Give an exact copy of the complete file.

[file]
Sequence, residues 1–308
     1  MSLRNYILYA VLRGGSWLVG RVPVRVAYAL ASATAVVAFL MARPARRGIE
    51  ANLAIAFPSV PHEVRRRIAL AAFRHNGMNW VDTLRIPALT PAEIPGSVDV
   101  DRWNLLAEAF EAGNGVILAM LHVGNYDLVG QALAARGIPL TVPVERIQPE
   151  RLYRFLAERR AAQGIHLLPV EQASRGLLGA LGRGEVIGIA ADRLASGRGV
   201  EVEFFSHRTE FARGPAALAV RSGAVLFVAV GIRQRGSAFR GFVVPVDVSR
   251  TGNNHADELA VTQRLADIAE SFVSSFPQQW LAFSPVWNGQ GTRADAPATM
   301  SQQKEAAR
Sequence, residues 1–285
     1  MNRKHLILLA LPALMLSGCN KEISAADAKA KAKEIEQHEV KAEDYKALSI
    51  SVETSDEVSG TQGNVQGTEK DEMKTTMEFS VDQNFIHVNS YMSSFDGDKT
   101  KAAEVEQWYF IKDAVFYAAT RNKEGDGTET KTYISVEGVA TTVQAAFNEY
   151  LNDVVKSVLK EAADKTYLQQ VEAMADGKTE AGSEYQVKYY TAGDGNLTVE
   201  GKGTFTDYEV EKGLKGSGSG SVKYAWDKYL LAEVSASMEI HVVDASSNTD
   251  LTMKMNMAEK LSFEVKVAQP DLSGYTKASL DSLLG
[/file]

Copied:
Sequence, residues 1–308
     1  MSLRNYILYA VLRGGSWLVG RVPVRVAYAL ASATAVVAFL MARPARRGIE
    51  ANLAIAFPSV PHEVRRRIAL AAFRHNGMNW VDTLRIPALT PAEIPGSVDV
   101  DRWNLLAEAF EAGNGVILAM LHVGNYDLVG QALAARGIPL TVPVERIQPE
   151  RLYRFLAERR AAQGIHLLPV EQASRGLLGA LGRGEVIGIA ADRLASGRGV
   201  EVEFFSHRTE FARGPAALAV RSGAVLFVAV GIRQRGSAFR GFVVPVDVSR
   251  TGNNHADELA VTQRLADIAE SFVSSFPQQW LAFSPVWNGQ GTRADAPATM
   301  SQQKEAAR
Sequence, residues 1–285
     1  MNRKHLILLA LPALMLSGCN KEISAADAKA KAKEIEQHEV KAEDYKALSI
    51  SVETSDEVSG TQGNVQGTEK DEMKTTMEFS VDQNFIHVNS YMSSFDGDKT
   101  KAAEVEQWYF IKDAVFYAAT RNKEGDGTET KTYISVEGVA TTVQAAFNEY
   151  LNDVVKSVLK EAADKTYLQQ VEAMADGKTE AGSEYQVKYY TAGDGNLTVE
   201  GKGTFTDYEV EKGLKGSGSG SVKYAWDKYL LAEVSASMEI HVVDASSNTD
   251  LTMKMNMAEK LSFEVKVAQP DLSGYTKASL DSLLG